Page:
Cross-border regions, whether they are urban, rural or maritime, are characterised by:
- inhabitants who cross the border to work, make purchases, or for leisure activities, etc.
- a shared heritage and environment;
- trade and tourism exchanges;
- a common job market and economic development;
- shared equipment and services (hospitals, transport, schools, etc.)
- Border regions are peripheral and often little account is taken of them in national policy.
- However, borders, which are places of exchange and openness, are a resource for the inhabitants and businesses in these territories.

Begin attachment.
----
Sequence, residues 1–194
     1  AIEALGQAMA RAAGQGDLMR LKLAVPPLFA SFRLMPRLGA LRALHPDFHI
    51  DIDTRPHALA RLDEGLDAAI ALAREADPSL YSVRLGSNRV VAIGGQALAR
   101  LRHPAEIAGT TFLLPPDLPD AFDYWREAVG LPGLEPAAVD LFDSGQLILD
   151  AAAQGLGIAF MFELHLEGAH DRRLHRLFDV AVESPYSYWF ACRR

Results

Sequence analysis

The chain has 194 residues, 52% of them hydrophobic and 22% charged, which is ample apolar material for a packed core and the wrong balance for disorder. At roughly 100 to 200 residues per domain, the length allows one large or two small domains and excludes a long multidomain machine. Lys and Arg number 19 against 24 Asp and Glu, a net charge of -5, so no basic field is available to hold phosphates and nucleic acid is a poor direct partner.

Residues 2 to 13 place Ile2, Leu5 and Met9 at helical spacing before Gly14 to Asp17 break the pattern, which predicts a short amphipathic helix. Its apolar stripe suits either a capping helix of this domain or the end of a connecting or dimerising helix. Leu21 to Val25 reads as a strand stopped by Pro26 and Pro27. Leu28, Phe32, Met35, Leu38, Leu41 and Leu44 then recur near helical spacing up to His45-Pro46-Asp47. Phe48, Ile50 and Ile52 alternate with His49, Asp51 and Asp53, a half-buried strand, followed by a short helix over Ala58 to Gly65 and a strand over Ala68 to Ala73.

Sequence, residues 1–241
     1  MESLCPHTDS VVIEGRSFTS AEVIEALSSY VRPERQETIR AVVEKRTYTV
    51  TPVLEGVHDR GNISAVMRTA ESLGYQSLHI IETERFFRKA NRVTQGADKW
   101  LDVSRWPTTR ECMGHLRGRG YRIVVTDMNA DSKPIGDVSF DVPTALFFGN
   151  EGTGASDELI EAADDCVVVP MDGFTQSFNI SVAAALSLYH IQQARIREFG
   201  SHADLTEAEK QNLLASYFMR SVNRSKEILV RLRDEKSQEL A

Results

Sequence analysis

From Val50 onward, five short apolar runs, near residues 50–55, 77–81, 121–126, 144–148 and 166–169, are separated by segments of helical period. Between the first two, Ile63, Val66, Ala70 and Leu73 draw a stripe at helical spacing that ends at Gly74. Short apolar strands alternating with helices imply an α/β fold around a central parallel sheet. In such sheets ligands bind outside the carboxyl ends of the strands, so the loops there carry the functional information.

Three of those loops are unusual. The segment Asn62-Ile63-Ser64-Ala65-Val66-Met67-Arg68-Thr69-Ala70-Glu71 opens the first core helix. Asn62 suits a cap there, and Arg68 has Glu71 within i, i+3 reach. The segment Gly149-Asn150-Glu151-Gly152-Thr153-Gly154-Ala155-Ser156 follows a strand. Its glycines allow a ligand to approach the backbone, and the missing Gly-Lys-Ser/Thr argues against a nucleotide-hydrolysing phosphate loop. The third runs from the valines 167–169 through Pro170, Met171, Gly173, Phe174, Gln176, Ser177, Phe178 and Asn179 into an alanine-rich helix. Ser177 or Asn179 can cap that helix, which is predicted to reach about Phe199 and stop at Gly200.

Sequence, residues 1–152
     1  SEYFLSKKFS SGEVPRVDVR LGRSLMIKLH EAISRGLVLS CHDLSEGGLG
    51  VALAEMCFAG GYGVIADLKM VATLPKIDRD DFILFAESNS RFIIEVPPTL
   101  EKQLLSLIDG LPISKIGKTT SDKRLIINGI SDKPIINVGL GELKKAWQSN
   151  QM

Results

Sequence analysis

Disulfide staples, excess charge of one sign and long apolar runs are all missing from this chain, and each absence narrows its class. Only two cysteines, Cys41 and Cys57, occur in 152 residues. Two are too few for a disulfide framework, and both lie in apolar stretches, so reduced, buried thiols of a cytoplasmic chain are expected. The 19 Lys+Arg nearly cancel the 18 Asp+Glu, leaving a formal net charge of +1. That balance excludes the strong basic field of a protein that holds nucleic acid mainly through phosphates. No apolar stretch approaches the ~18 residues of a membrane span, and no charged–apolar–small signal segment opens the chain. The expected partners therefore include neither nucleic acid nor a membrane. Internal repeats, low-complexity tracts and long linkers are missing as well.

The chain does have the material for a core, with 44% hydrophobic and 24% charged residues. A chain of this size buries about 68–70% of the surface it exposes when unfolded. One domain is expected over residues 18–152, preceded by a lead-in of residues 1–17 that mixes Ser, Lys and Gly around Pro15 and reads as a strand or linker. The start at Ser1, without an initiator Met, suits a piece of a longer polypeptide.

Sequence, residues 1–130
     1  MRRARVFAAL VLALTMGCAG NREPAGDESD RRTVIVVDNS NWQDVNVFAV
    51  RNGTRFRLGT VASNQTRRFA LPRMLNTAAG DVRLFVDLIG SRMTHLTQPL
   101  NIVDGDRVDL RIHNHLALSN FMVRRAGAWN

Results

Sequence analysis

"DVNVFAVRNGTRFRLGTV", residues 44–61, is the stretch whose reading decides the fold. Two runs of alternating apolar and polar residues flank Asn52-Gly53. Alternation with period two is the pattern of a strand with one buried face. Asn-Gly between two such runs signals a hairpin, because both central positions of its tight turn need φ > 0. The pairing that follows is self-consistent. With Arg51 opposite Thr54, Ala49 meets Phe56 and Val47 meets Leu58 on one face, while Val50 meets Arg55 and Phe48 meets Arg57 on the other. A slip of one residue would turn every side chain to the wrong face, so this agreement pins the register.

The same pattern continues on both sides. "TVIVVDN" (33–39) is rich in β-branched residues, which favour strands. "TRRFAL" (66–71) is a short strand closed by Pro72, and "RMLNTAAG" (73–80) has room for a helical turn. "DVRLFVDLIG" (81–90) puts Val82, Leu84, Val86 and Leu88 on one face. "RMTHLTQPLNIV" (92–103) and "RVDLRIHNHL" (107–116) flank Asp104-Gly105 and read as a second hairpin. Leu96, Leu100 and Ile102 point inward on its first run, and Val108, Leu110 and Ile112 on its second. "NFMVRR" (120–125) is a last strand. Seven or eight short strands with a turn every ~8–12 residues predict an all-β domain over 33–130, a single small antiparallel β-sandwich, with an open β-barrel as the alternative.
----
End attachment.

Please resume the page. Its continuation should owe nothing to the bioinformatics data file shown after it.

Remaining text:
- But the existence of different political, legal, cultural and linguistic systems creates obstacles to cooperation.
- Cross-border territories are testing grounds for European construction: free movement, territorial cohesion and European citizenship are at the heart of the European project.
- However, they are not sufficiently taken into account by European policies.